Julia Cameron put it something like this: The only screenplay that definitely won’t get made into a movie — is the one that is never written at all. We are all capable of much more than we give ourselves credit for, and what we can find along the way is that the effort itself — regardless of the outcome — can bring great happiness.

I want to do more than I think I can. I want to write, read, review, work. I want to fill my life with the things that interest me and I want to inspire others to follow their passion, throw caution to the wind and dive in, head first, into this crazy, unpredictable life. Defining happiness is impossible. It is just something we feel. We know it the minute we experience that instant rush of excitement, of pure joy manifesting itself through a wildly beating heart, flushed skin and a quickened breath. But the only way to find this joy is to experience as much of life as possible. You never know where that moment of joy is going to be found. One thing I am learning is that all of your happiness cannot be found in one place. It has to be spread out, disseminated among many different outlets and venues. A large garden of happiness as opposed to one beautiful flower. Give yourself as many opportunities for happiness as you are physically capable of experiencing. And then stop and smell the roses.

Yoga Journey


Sunday morning I did something completely out of character. I woke up hours before I typically rise, I got dressed hours before “real” clothes find their way to my body and I left the house with a specific destination in mind. A yoga class!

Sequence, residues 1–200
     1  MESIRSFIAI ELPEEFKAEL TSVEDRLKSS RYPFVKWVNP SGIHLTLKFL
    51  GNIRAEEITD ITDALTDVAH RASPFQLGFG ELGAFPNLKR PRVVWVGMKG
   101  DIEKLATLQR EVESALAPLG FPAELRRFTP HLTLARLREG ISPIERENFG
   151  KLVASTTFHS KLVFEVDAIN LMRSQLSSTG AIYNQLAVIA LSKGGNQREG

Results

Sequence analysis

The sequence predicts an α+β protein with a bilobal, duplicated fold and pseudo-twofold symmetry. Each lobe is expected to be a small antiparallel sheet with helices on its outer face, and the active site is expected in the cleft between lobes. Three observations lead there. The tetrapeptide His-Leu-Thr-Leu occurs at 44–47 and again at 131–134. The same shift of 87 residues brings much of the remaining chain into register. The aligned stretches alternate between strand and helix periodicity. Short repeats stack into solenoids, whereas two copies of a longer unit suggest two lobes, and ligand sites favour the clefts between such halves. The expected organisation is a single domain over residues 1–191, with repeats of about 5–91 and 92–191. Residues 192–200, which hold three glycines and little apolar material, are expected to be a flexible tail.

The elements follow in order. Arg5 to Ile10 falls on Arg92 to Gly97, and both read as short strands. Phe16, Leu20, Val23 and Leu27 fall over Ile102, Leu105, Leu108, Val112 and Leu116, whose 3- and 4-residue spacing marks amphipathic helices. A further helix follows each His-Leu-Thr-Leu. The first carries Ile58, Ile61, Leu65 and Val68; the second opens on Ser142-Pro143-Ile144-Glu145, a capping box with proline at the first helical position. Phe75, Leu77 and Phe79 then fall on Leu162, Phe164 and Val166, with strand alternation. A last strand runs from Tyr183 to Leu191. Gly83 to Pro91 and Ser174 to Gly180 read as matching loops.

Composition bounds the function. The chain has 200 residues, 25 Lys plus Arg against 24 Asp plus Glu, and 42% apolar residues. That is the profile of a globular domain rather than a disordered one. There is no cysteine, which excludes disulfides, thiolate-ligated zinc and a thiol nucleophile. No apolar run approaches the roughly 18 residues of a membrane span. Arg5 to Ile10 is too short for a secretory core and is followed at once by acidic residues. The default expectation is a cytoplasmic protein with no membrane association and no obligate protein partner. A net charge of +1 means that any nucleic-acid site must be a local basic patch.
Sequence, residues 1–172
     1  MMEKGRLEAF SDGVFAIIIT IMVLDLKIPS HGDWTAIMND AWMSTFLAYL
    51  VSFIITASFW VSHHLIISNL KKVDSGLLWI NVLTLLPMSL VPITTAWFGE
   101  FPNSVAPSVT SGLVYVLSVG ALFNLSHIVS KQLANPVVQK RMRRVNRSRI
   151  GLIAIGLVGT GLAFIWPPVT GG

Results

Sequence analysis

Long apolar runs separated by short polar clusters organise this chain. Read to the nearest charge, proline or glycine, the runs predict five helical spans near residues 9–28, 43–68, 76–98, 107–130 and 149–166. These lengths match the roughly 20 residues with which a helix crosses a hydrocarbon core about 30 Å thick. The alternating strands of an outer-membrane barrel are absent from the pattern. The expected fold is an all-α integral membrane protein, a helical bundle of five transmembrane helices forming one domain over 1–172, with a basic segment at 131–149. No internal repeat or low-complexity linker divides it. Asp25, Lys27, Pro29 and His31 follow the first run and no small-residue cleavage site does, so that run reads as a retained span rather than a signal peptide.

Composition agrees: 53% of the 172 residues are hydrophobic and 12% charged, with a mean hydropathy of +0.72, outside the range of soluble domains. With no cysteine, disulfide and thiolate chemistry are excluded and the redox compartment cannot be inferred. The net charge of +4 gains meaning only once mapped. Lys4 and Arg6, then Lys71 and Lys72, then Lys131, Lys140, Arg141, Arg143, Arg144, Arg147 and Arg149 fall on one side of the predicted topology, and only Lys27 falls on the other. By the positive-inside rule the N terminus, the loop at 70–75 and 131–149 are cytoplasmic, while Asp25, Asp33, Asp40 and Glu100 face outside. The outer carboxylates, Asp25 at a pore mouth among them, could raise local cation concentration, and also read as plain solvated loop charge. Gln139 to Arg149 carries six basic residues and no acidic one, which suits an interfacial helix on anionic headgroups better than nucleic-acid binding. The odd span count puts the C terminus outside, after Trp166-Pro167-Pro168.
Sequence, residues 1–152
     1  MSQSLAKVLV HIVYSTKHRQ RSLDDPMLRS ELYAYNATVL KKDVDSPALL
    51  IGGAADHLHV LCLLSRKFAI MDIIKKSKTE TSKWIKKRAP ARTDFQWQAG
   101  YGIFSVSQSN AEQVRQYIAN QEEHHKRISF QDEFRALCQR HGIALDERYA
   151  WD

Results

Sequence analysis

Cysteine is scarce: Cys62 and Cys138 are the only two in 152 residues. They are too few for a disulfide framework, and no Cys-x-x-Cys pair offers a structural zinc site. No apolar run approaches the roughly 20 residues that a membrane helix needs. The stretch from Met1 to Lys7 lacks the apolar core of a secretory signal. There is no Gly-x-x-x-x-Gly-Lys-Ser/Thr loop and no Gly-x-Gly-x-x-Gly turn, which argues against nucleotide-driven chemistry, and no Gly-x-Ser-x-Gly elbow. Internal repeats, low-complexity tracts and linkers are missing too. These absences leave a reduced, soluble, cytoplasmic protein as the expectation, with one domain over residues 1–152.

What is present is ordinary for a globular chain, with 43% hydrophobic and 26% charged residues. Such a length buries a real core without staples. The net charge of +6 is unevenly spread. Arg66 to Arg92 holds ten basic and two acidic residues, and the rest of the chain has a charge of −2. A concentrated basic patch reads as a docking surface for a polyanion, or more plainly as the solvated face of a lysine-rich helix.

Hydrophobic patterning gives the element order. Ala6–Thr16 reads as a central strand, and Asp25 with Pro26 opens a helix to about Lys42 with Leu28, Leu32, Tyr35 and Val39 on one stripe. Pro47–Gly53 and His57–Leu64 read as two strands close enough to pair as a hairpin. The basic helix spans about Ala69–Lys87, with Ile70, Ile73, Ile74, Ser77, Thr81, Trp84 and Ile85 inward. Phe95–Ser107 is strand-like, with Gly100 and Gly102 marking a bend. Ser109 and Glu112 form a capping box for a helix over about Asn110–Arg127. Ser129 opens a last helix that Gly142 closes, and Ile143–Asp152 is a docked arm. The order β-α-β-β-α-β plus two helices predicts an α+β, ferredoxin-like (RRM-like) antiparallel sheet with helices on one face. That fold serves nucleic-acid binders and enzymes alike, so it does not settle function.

Now this might not seem like a big deal to most blog readers. According to Yoga Journal, nearly 15 million Americans practice yoga. I am not one of those 15 million people because I have, never,  NEVER practiced yoga. But for some unknown reason (if I was already way into yoga I would probably credit the universe) I woke up at an ungodly hour and made my way to a local yoga class.

It was perfect! The lights were low and people were stretching out on their mats. There was zen-like music playing quietly in the background but I could still hear the slightly muffled sounds of Rihanna and Jay-Z coming from the gym a few doors down. It was the perfect mix of east and west. Just enough yoga to not feel like I have abandoned my beloved treadmill.  I came to the realization that I could really get into this yoga thing! (Yes, I’m late jumping on the bandwagon.)

But then I did something drastic. The following day, yesterday, I signed up for a very, VERY advanced yoga class in a yoga school. This wasn’t my gym that offered yoga along with Zumba and pilates and step aerobics. This was strictly for yoga lovers. There were bamboo floors and incense burning in the entry way, the lights were turned out completely and the temperature was at a solid 90 degrees. I sweat so much that I couldn’t keep my hands firmly planted on the mat, hands that were purportedly supporting all of my weight. I was put into positions I never imagined possible. A back bend? Me? And I did it! So there was that glimmer of hope and happiness, a sense of accomplishment and pride. But I got the same feeling of pride from the gym yoga without the fear. Yoga should not be a fearful endeavor, it is all about finding your center and meditating for peace. It should not be about praying to remain injury-free.

So I think I’m sticking with my gym membership and taking the simple, straightforward (and yet still challenging) yoga classes that come with my membership. I’m glad I took a detour onto the wild side and who knows, maybe when my yoga skills progress I will venture to the candlelit side once again. But for now I’m content with my mainstream yoga.


The Roller Coaster Ride of Life


Is life a balance of bitter and sweet? A series of highs and lows?